5

You can use inclusion-exclusion. There are $M!/(M-N)!$ choices for the first row. Fix these choices. The number of choices for the second row in which $T$ specific columns are bad (but the row itself is good) is $(M-T)!/(M-N)!$. According to the inclusion-exclusion principle, the required number is $$ \frac{M!}{(M-N)!} \sum_{T=0}^N (-1)^T \binom{N}{T} \frac{(...


5

Your problem is not well-defined. As David Eisenstat notes in his comment, your matrix actually has to be bistochastic rather than just stochastic, since every convex combination of permutation matrices is bistochastic. Also, there could be many ways of representing a given bistochastic matrix as a convex combination of permutation matrices. As a simple ...


5

Let's calculate the difference in number of inversions given that you swap $a_i$ and $a_j$. We can assume that $i < j$. There are three kinds of pairs of indices whose status (being inversions or not) could change as a result of the swap: $(i,j)$ and, for $i < k < j$, $(i,k)$ and $(k,j)$. We can distinguish two cases: $a_i < a_j$ and $a_i > ...


5

The algorithm you suggest doesn't result in a uniform permutation. An in-place algorithm which works for every file size is the Fisher–Yates shuffle.


5

This is only a sketch of solution (there might be some off-by-ones) Looking at a permutation of $\{1\ldots,n\}$ is equivalent at looking its inversion table $(a_1, \ldots, a_n)$ where $a_i$ is the number of elements to the left of $i$ that are greater than $i$. Basically that gives you a bijection between $S_n$ and $\prod_{1\le i\le n} \{0,\ldots,i-1\}$ and ...


4

Since you have only 362,880 possible keys, you can uniquely represent every key with just 19 bits. (Where a really naïve representation of the key might take 9*4 = 36 bits). I can't see a way to have this help you with hashing. The size of the hash table is determined by how many keys you need to store, not by the size of the space of possible keys. The ...


4

Assuming that "smallest composition" means smallest number of permutations used in the composition, then the NP-complete Pancake Flipping Problem is a special case of your problem.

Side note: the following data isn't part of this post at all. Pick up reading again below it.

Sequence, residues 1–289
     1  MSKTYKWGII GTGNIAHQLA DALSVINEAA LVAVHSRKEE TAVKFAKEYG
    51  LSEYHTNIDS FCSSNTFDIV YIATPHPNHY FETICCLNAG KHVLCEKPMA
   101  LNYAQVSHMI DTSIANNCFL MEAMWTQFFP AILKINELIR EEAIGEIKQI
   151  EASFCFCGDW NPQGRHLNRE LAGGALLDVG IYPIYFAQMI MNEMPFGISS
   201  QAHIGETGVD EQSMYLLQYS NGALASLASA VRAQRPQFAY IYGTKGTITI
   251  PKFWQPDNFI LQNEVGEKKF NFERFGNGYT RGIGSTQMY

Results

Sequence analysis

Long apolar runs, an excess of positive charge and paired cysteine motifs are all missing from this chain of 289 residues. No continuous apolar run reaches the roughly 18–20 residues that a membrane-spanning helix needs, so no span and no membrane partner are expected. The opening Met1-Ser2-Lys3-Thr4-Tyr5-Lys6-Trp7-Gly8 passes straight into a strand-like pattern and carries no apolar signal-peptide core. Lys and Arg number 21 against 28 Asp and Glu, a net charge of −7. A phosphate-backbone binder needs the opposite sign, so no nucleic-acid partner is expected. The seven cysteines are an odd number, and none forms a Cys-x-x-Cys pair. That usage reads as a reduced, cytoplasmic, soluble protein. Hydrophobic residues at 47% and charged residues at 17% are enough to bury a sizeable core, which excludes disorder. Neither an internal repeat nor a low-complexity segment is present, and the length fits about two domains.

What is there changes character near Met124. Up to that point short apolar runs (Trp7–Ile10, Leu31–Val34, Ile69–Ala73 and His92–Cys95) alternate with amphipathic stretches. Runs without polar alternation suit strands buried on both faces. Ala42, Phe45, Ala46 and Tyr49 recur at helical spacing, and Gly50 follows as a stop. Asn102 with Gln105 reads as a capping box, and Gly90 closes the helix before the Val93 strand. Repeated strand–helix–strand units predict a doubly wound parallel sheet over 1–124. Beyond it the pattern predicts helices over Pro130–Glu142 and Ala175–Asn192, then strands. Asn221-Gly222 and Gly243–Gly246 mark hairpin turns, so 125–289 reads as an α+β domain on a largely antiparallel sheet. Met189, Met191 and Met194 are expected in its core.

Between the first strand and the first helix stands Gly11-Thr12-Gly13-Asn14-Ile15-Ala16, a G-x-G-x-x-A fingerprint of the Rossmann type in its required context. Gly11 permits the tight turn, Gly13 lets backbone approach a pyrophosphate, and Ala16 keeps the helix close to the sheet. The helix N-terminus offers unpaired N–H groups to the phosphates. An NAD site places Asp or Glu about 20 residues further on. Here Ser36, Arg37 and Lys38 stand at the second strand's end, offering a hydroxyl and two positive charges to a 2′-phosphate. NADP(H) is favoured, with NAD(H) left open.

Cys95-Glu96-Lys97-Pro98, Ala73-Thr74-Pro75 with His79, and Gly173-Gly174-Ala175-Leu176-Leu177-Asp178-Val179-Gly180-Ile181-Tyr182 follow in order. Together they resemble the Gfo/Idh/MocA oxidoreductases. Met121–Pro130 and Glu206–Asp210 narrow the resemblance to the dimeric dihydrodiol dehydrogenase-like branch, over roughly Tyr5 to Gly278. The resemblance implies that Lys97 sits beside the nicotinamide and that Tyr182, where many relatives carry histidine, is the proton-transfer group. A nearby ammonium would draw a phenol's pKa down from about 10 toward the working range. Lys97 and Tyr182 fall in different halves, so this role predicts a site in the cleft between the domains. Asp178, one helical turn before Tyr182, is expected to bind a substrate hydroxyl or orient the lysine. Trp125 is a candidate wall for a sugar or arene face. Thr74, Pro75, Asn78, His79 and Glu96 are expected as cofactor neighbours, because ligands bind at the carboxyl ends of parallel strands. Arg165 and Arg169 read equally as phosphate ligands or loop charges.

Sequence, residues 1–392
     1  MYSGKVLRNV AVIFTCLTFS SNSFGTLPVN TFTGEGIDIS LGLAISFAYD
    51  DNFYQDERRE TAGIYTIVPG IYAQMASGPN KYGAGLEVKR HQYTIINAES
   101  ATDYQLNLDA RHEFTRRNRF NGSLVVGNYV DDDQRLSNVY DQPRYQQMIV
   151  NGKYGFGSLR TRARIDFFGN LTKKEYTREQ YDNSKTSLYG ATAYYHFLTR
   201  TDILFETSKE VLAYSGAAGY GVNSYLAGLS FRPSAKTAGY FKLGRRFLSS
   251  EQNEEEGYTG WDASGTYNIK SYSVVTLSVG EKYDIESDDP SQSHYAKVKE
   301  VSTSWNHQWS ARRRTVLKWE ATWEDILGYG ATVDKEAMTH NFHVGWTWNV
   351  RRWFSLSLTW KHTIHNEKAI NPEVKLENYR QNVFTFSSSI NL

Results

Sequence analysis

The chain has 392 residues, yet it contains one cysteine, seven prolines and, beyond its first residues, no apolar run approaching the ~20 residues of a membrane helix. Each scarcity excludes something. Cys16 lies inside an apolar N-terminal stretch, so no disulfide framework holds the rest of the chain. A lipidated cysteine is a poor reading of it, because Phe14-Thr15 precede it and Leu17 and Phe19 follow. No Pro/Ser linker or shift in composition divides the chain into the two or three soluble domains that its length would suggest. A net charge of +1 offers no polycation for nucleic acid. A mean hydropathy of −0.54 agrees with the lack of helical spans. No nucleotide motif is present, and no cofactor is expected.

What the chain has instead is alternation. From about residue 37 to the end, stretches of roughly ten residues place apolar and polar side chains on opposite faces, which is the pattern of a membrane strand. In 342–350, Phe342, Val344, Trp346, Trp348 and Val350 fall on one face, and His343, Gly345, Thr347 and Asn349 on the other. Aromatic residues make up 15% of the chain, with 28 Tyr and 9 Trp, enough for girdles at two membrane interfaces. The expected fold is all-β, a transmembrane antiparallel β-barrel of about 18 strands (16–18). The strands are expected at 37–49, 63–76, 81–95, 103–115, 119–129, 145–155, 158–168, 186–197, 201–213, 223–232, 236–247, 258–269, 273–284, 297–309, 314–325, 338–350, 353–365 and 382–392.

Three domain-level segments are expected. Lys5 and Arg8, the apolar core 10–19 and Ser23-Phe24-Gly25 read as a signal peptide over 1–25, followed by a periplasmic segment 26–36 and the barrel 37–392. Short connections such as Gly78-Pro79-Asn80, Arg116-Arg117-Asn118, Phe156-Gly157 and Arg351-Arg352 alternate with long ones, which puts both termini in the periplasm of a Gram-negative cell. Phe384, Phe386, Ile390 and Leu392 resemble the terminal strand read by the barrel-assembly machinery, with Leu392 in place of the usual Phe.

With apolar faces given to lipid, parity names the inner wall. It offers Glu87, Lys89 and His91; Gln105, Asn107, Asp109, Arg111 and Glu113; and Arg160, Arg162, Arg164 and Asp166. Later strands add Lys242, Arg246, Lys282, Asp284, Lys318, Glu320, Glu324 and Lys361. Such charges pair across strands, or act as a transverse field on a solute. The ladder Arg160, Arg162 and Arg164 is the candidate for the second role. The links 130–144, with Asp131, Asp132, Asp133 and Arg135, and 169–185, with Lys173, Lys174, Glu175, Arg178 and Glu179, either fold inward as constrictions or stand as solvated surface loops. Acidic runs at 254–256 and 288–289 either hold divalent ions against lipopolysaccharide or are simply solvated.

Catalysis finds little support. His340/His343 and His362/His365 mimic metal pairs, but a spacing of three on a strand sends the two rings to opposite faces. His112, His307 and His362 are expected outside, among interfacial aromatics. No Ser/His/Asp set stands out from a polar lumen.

4

You are looking for a pseudorandom permutation on the set $\{0,1,2,\dots,n-1\}$. In cryptography, this has been studied under the (counter-intuitive) name "format-preserving encryption". There are a number of constructions you could use for your purposes. There's a bunch of research literature on the problem, with different schemes that are optimized for ...


4

You are asking two questions. The first is an enumeration question, and the second is about generation or encoding/decoding. The enumeration question is a standard combinatorial exercise, which can be solved using exponential generating functions (and algorithmically, using dynamic programming). For example, the number of strings of length $\ell$ in your ...


4

Chernoff's bound applies to negatively correlated random variables, such as your hypergeometric distribution. You can find a full treatment in Dubhashi and Panconesi's very useful monograph Concentration of measure for the analysis of algorithms, as well as in many lecture notes, such as this one by Hariharan Ramesh.


4

The crucial observation is that if $A \vDash B$ then also $\sigma(A) \vDash \sigma(B)$. This follows since all $\sigma$ does is rename variables and flip some variables. For example, if $\sigma(x) = \lnot y$, $\sigma(y) = z$, and $\sigma(z) = x$, then $A(x,y,z) \vDash B(x,y,z)$ implies also $A(\lnot y, z, x) \vDash B(\lnot y, z, x)$. Let $G$ be the set of ...


4

This problem, which I'll call CO for Column Ordering, is NP-hard. Here's a reduction from the NP-hard problem Vertex Cover (VC) to it: Decision problem forms of VC and CO Let the input VC instance be $(V, E, k)$. It represents the question: "Given the graph $(V, E)$, is it possible to choose a set of at most $k$ vertices from $V$ such that every edge in $...


4

Reverse the last half of the array in-place and then apply one of the interleaving algorithms mentioned in this question. That question is for even $n$, and I didn't check whether the answers work for odd $n$ as well. If they don't and it's needed you can do a left rotation to move the middle element to the end (its correct position) and then use one of the ...


4

I assume you mean the following: given $N$ columns, there are $N$ single columns, giving $N$ different indices $N(N-1)/2$ pairs of columns, and 2 ways to combine each pair, giving $N(N-1)$ different indices $\frac{N(N-1)(N-2)}{2 \cdot 3}$ triples of columns, and $3 \cdot 2$ ways to combine each triple, giving $N(N-1)(N-2)$ different indices and so on. This ...


4

This approach cannot work, for the following simple reason. The probability to obtain any permutation is of the form $A/n^n$, for integer $A$. However, we need it to be $1/n!$, so we need $A = n^n/n!$. Unfortunately, for $n \geq 3$ this is not an integer. One can still ask why we might expect this algorithm to work, and where is the gap between our ...